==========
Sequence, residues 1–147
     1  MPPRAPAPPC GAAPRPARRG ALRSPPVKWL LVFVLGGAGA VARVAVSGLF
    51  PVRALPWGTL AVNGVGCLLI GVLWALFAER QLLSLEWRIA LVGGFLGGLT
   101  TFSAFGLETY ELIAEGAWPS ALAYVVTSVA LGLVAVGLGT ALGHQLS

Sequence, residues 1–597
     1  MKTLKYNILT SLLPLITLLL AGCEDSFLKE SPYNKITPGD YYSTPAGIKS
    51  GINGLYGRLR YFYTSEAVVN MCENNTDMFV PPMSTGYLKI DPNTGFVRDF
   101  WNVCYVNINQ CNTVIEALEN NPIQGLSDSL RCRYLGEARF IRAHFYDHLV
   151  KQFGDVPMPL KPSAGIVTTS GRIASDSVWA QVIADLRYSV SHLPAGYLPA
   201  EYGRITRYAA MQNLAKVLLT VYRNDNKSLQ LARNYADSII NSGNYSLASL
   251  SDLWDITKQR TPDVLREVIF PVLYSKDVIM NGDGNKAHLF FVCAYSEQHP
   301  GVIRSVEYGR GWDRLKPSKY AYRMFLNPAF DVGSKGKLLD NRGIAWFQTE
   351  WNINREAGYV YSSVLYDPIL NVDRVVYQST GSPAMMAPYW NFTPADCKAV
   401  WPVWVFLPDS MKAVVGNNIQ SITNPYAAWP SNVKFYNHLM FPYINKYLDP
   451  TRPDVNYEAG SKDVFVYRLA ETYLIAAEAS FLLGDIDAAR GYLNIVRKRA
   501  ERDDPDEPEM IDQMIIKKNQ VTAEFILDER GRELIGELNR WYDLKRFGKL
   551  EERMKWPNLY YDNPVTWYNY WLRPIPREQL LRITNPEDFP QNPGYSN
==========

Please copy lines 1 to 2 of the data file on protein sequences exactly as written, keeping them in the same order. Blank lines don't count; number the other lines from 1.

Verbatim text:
Sequence, residues 1–147
     1  MPPRAPAPPC GAAPRPARRG ALRSPPVKWL LVFVLGGAGA VARVAVSGLF